As first reported by Jon Greenberg and Ken Rosenthal of The Athletic, and subsequently confirmed by multiple other outlets, Jon Lester and the Washington Nationals are engaged in contract talks. Both Lester and the Cubs had expressed interest in a reunion, but veteran surely wants a chance to play for a team for a team trying to win rather than spending a year as a de facto mascot. While that’s certainly in his best interests, it makes last season even more bittersweet for fans.
Jon Lester could be headed to Cubs East with Schwarber, Davey Martinez and Jim Hickey, sources tell me and @Ken_Rosenthal.
— jon greenberg (@jon_greenberg) January 18, 2021
The 37-year-old lefty was perhaps the most important free agent signing in Cubs history — and arguably in all of Chicago sports — marking the team’s arrival as a contender and leading them to a title. But since all good things must eventually meet their end, the Cubs paid Lester a $10 million buyout rather than pick up his $25 million option for 2021. As popular as it’s become to chalk everything up to the shrinking budget, Lester’s declining skills weren’t worth the bigger payday.
It would have been nice to have gotten the chance to celebrate Lester’s contributions properly, not just with a video tribute when he and Kyle Schwarber return to Chicago wearing different uniforms from May 17-20. Alas, we’ve known for some time now that nostalgia is just about all that’ll remain from those 2015 and ‘16 teams once the offseason wraps up.
Update: Pending physical Lester’s deal is expected to be for one year and may or may not include a mutual option.
Left-handed starter Jon Lester and the Washington Nationals are in agreement on a one-year deal with a mutual option, pending physical, sources familiar with the contract told ESPN.
After a phenomenal six years in Chicago, Lester off to D.C. to join Scherzer, Strasburg, Corbin.
— Jeff Passan (@JeffPassan) January 19, 2021
Jon Lester's contract with the #Nats will be straight one-year deal with no options once it becomes official.
— Bob Nightengale (@BNightengale) January 19, 2021
Update #2: The Cubs apparently did make a late offer to Lester, but David Kaplan reports that it “was not close” to what the Nationals promised. In other words, they extended a minor league deal or something insultingly low that he had no choice but to decline.
Beyond disappointing the Cubs offer to Jon Lester came very late in the process and was not close to the money the Washington Nationals offered. That is not how you take care of the greatest free agent signing in team history and one of the two best in Chicago sports history.
— David Kaplan (@thekapman) January 19, 2021
Update #3: According to Bruce Levine, the deal is for $5 million and does indeed have a mutual option for 2022.
Sources confirm Jon Lester’s contract with Nationals is $5 million for 2021. Mutual option for 2022. @Ken_Rosenthal @jon_greenberg first to report agreement.Cubs made offer but not close to the Nats offer.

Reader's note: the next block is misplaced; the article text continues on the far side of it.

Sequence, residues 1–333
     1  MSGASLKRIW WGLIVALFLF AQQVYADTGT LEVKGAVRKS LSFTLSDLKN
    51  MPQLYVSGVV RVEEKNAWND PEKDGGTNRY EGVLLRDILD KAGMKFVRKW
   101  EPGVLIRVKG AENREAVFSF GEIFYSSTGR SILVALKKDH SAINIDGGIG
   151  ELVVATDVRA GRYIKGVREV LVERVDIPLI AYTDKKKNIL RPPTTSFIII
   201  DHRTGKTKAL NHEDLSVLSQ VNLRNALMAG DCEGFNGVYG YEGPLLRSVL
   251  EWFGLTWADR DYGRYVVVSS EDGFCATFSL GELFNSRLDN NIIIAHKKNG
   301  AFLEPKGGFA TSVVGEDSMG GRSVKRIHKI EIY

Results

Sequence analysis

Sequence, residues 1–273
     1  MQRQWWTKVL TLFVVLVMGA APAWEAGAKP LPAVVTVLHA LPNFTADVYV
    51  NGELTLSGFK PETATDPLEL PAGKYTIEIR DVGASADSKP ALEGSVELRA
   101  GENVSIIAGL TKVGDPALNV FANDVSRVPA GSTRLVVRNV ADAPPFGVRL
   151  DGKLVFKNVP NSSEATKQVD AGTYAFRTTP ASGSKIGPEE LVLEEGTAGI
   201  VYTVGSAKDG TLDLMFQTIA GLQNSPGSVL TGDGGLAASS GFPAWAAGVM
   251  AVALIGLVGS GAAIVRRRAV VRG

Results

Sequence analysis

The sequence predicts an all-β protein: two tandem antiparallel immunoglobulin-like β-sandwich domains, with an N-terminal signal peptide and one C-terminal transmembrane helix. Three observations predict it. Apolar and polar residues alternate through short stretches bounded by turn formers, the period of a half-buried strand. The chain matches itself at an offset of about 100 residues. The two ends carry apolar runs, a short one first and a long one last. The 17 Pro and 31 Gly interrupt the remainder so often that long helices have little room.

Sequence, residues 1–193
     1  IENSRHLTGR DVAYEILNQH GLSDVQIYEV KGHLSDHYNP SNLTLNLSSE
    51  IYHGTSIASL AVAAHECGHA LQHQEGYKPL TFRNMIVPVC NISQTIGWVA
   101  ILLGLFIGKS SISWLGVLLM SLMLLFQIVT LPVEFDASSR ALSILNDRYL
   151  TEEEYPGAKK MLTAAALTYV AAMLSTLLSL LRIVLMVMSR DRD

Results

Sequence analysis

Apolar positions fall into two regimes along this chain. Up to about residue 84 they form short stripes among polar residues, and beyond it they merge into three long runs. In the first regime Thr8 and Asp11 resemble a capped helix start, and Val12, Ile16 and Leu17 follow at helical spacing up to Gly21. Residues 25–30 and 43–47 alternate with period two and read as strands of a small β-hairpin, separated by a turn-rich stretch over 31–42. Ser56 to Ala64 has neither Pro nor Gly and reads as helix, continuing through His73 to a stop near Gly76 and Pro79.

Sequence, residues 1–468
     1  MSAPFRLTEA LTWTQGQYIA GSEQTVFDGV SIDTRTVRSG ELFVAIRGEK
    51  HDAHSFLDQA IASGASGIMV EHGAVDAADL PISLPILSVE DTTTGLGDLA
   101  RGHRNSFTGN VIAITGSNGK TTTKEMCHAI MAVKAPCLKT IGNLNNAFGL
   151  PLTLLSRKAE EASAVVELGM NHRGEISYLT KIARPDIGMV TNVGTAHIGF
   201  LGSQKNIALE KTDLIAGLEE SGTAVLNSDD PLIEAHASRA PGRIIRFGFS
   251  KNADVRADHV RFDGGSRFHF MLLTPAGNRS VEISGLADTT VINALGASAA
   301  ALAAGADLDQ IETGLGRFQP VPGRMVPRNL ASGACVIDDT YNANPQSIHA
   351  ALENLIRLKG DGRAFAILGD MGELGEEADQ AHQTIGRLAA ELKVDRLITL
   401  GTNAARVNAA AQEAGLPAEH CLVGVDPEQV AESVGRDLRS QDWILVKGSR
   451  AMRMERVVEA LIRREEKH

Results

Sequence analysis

— Bruce Levine (@MLBBruceLevine) January 19, 2021
Update #4: According to Gordon Wittenmyer of NBC Sports Chicago, Lester left solely because Hoyer wasn’t authorized to spend anything close to $5 million and opted not to even engage in conversations with the lefty until recently.
Lester, the five-time All-Star who symbolized the cultural and competitive turnaround when he signed as a big-ticket free agent six years ago, wanted to return to Chicago bad enough that he approached the team early in the winter and offered to talk about a deal that was said to be less than what the Nationals ultimately paid.
The mandate from ownership and the business side wouldn’t allow Hoyer to make an offer. And even when the Nationals offer came in, and Lester gave the Cubs a chance to counter, the Cubs were “not close” to the Nats — perhaps as low as $2 million.
This is yet another sign that the Cubs aren’t truly interested in being competitive in 2021. And before you start talking about Lester being over the hill or bidding good riddance to Tyler Chatwood, who signed with Toronto, trying looking at it pragmatically. The Cubs have admitted they’ll need as many as eight starters this season and they couldn’t scrape together even $8 million for a pair of their own former pitchers.
Handing out cheap, short-term deals to middling starters is exactly what rebuilding teams — or, to put it in Cubs parlance, teams conducting a “small reset” — are supposed to do. You fill out the staff and the salaries roll off at the end of the season. If you’re lucky, those guys pitch well enough to be traded at the deadline.
That Hoyer wasn’t allowed to even present an offer to a beloved, franchise-altering pitcher who wanted to return is all you need to know Ricketts’ claim that “I don’t think anybody’s tearing anything down” was complete bullshit. And that’s before we even discuss the Yu Darvish trade or letting Kyle Schwarber walk for nothing. At this point I’ll be shocked if Kris Bryant and Willson Contreras aren’t moved.